By Stephen W. Hiemstra
How will you remember 2013?
Did you watch the corn grow in 2013 or did God break into your life in ways that will change you forever? The Greeks had two words for time which capture this distinction: chronos time and kairos time.
Chronos time is clock time. It is often associated with the Goya painting of Saturn eating his son—a grotesque reminder that each minute on the watch can only be enjoyed during the minute and then it is gone. In chronos time, the corn grows and we watch.
By contrast, kairos time is decision time. When God steps into our lives from outside of time, we experience His presence as crisis. We are changed forever. We are forced to answer the question—who are you, really? This is the experience of God that we read about in Paul when he says: Do not be conformed to this world, but be transformed by the renewal of your mind, that by testing you may discern what is the will of God, what is good and acceptable and perfect (Romans 12:2 ESV). In kairos time, we grow and God becomes real.
I will always remember 2013 as the year that I graduated from seminary. For 5 years, I worked towards the goal of graduating seminary before my 60th birthday. I passed that benchmark this month. My diploma now hangs on the wall in my office—a kind of metaphorical Ebenezer (a pile of stones erected to God).
School is a transition with a beginning (how you got admitted), a middle (all the classes, experiences, and uncertainties), and an ending (graduation). Looking back, I am not sure which stage in the transition was most stressful!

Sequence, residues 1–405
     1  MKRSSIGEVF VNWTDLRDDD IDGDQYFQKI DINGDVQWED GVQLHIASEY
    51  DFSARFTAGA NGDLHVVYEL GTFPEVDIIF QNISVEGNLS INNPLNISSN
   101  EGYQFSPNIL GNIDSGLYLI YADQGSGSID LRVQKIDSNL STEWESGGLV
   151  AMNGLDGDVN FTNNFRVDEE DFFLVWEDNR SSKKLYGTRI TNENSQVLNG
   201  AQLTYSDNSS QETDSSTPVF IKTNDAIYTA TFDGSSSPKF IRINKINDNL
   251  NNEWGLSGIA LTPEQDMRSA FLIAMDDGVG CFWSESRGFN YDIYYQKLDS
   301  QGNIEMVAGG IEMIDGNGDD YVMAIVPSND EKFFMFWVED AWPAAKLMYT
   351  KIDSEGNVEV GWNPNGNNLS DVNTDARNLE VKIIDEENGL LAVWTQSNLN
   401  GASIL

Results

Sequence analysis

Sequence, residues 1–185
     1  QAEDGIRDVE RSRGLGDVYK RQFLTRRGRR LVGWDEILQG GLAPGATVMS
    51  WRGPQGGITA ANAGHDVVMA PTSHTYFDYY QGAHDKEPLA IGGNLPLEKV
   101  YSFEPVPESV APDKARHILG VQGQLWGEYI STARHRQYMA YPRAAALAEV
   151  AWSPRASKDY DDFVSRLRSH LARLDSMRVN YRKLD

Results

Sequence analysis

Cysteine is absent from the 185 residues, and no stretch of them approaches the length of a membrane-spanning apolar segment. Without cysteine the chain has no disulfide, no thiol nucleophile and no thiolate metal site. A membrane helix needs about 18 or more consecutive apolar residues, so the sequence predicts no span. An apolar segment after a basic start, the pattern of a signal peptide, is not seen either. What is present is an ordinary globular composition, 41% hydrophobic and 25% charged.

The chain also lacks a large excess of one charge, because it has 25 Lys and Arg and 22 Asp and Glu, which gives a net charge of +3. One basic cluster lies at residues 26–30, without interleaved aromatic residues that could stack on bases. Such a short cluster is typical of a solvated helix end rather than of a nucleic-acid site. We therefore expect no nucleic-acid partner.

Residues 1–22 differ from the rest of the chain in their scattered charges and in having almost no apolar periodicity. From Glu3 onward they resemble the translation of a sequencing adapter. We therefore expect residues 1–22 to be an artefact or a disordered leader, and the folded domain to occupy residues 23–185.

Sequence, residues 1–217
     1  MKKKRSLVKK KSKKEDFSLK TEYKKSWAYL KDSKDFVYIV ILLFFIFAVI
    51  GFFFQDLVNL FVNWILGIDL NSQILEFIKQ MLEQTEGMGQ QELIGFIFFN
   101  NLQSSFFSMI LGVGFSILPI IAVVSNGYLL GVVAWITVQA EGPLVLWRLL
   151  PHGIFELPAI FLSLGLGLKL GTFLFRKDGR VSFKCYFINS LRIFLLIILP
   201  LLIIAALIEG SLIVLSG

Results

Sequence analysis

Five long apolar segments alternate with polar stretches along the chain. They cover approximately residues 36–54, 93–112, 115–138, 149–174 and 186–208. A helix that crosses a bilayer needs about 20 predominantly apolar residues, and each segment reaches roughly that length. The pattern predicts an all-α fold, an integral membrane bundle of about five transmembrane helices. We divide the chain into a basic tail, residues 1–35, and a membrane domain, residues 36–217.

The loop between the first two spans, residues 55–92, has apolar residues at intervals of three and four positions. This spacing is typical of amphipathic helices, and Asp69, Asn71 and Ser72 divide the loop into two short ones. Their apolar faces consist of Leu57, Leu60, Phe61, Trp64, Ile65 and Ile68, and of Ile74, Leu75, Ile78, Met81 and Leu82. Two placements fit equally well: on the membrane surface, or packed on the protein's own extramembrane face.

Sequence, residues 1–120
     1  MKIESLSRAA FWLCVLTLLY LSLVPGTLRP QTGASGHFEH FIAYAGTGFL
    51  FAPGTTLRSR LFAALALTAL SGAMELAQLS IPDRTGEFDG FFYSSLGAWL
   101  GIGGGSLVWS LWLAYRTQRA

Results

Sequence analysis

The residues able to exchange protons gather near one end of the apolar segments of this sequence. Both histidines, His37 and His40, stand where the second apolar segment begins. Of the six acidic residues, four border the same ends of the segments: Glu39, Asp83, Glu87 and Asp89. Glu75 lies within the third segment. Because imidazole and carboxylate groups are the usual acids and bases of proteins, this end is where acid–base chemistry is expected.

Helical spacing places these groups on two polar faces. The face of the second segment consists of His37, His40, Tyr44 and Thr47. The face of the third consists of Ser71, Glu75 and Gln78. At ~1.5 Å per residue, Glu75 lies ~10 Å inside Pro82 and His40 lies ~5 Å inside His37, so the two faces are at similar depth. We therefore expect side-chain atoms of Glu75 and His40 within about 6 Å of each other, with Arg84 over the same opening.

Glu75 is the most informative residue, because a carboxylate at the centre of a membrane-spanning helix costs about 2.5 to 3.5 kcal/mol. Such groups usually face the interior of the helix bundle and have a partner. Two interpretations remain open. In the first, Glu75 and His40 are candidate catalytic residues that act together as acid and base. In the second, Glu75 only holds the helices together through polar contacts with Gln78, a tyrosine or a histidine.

Other transitions that I will remember include—seeing family members grow, witnessing my first death, preaching my first emotional sermon (http://bit.ly/1eQEqbn), writing my first book (http://bit.ly/1fVF6c9), developing the social side of social media (e.g. http://bit.ly/19ROE26), and first appreciation Christmas. Of these, appreciation Christmas was probably the most meaningful.
At the Hiemstra Christmas party this year, we got everyone in a room together and shared. The usual fare was been to share things like—what are you most thankful for? Or, what was your most memorable Christmas memory? However, this year I proposed that we go around the room and take turns being appreciated. When it is your turn, everyone else in the room takes a turn telling you why they appreciate you. People really got into this—we spent about two hours appreciating one another. This exercise only works for groups that really know one another, but for these groups it can be a really healing experience . I will never forget.
Return tomorrow to view my Top 10 Postings in 2013.
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Happy New Year!
1/ Then Samuel took a stone and set it up between Mizpah and Shen and called its name Ebenezer; for he said, Till now the LORD has helped us (1Samuel 7:12 ESV).
2/ I owe this idea to my Clinical Pastoral Education instructor, Jan Humphreys (http://bit.ly/19zhgPb).